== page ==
Schoolchildren safety fear over fewer lollipop men and women
Safety campaigners say cuts to the number of lollipop men and women near schools are "jeopardising lives".
The number of them funded by councils in Great Britain has fallen by 1,500, almost a quarter, in five years, figures obtained by the BBC show.
Some councils are consulting on removing funding for crossing wardens entirely due to budget pressures.
The Local Government Association said councils were trying to maintain crossing patrols wherever possible.
Figures on the cuts in lollipop warden posts equate to a loss of almost one in four from outside schools.
The figures do not include volunteers or those now funded by schools or other groups, meaning there may be other wardens operating. Traditionally, the role has been a service run and funded by councils.
Stephen Twigg, a Labour MP who campaigns to improve road safety by schools, said parents would be concerned.
"School crossing patrols play a vital part in preventing tragedies from occurring but they have borne the brunt of cuts in government funding to local authorities in recent years," he said.
"The safety of children should not be compromised as a result."
The London borough of Hounslow went from employing 22 wardens in 2013 to just two in an area with 25,000 state-funded primary school pupils.
Newcastle City Council has "reluctantly" cut officer numbers from 64 in 2013 to seven - a drop of almost 90% - because of government cuts.
In Kent, the largest education authority in Britain, the council now employs 137 wardens compared to 258 five years ago - a loss of 121.
The council said it had struggled to recruit people to vacant posts and had built a zebra or pelican crossing instead at a number of sites.
The Scottish council of Midlothian was one of the few to increase the number of wardens it has available, with numbers jumping 20% from 54 in 2013 to 65.
Of the nine councils to have revealed an increase in staff, five were in Scotland.
The BBC contacted every local authority with responsibility for lollipop people. Two thirds of councils replied with comparable data, meaning the real loss of staff could be substantially higher.
About 85% of authorities that responded to a BBC Freedom of Information request had cut warden numbers since 2013 and only 7% had increased them.
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Road safety charity Brake agreed the cuts are "jeopardising lives".
Joshua Harris, director of campaigns, said: "Last year, 1,638 children were killed or seriously injured while cycling or walking on British roads - that's more than four families receiving devastating news every day.
"We need action now, with investment in safe crossings for children, more investment in cycling and walking infrastructure and 20mph speed limits as the default in communities."
Rosaleen Littlejohn, who has spent the past decade serving 12 schools in Hackney, said wardens act as the "eyes and ears" of the area.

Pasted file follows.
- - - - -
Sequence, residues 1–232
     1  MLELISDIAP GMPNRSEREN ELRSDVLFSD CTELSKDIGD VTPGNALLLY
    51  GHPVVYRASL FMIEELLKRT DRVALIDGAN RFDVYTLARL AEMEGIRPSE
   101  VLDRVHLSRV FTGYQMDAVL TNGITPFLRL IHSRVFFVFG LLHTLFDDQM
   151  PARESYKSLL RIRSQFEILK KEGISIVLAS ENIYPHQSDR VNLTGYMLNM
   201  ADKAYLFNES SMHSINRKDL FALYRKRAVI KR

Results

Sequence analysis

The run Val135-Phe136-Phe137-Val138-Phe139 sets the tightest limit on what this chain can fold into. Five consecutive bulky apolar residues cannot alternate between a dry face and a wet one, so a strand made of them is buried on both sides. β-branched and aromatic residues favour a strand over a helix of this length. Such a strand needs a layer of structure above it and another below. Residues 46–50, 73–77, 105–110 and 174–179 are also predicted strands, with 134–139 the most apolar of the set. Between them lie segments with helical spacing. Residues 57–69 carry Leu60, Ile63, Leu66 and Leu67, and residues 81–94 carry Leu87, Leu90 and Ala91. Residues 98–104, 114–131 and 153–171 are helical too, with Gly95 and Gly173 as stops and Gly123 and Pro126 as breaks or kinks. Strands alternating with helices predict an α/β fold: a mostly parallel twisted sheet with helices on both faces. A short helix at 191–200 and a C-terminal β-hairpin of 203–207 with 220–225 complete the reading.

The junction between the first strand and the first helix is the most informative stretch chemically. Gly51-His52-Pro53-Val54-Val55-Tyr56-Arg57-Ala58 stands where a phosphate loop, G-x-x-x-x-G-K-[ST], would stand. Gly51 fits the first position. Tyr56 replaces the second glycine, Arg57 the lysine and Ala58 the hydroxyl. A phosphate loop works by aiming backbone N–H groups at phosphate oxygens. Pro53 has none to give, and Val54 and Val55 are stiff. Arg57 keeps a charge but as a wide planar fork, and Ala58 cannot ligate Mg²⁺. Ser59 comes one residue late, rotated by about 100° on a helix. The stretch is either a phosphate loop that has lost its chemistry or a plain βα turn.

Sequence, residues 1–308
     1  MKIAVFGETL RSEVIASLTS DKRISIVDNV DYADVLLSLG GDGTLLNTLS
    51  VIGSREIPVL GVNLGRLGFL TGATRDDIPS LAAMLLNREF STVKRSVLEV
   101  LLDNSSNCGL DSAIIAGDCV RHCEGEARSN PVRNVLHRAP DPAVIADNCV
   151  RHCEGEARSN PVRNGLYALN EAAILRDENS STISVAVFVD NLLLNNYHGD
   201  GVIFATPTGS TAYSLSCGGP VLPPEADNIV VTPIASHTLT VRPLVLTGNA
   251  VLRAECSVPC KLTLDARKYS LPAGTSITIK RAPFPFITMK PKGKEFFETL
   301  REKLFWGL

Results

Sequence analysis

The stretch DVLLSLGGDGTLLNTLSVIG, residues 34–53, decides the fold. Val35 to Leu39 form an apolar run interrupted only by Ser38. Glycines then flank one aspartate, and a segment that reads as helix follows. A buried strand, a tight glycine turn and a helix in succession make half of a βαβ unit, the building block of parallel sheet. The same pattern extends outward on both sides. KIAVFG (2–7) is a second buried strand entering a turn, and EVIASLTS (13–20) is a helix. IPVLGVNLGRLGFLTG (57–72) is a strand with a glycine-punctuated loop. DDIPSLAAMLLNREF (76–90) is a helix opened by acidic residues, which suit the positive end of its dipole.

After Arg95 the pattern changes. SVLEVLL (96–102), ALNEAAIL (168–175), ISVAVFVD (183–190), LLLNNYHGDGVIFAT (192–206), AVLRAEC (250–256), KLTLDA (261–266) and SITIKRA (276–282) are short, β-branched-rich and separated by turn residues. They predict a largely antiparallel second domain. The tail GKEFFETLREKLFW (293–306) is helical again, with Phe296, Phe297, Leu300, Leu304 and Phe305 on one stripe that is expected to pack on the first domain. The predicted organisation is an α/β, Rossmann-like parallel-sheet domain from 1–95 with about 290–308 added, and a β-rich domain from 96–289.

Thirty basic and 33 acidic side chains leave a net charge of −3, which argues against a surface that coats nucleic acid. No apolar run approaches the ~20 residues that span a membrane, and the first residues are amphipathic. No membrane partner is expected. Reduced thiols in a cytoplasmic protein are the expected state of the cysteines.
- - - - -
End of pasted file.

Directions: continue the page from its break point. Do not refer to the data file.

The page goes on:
From her spot outside Sir Thomas Abney Primary School the 72-year-old sees her role as important to everyone, young and old.
"As well as for safety, I feel we are here to help the community," she said.
"It's not just for children either - one year a lady in her 80s was blown over in the wind on this road. Now she won't cross the street without holding my arm.
"I really enjoy it, it's rewarding to see the look on the kids' faces, as they are always so pleased to see me."
Not a legal obligation
Local authorities have to promote road safety, but providing lollipop people is not a legal obligation.
Some councils are even considering pulling money from their service entirely.
Staffordshire's wardens are under threat, as the council consults on removing all 240 positions from their payroll from September 2019 because of "unprecedented financial challenges".
The council would still employ wardens and provide training but funding would be at the discretion of parents or schools.
Birmingham City Council - which has cut numbers heavily in recent years - may remove all its officers by not replacing them when they leave or retire.
The council is encouraging parents and schools to step in and raise the funds, with the council providing training, uniforms and supervision.
Wardens typically earn between £7.83 to £10.55 an hour and work a few hours a week.
To install a zebra or pelican crossing, as some councils have been doing to replace wardens, it can cost up to £30,000 and £50,000 respectively.
The Local Government Association said councils try to maintain school crossing patrols wherever possible.
"Many councils have been forced to review this discretionary service due to significant pressures on their budgets and increasing demand for statutory services, such as children's services and adult social care," said transport spokesman Martin Tett.
Data journalism and charts by Daniel Wainwright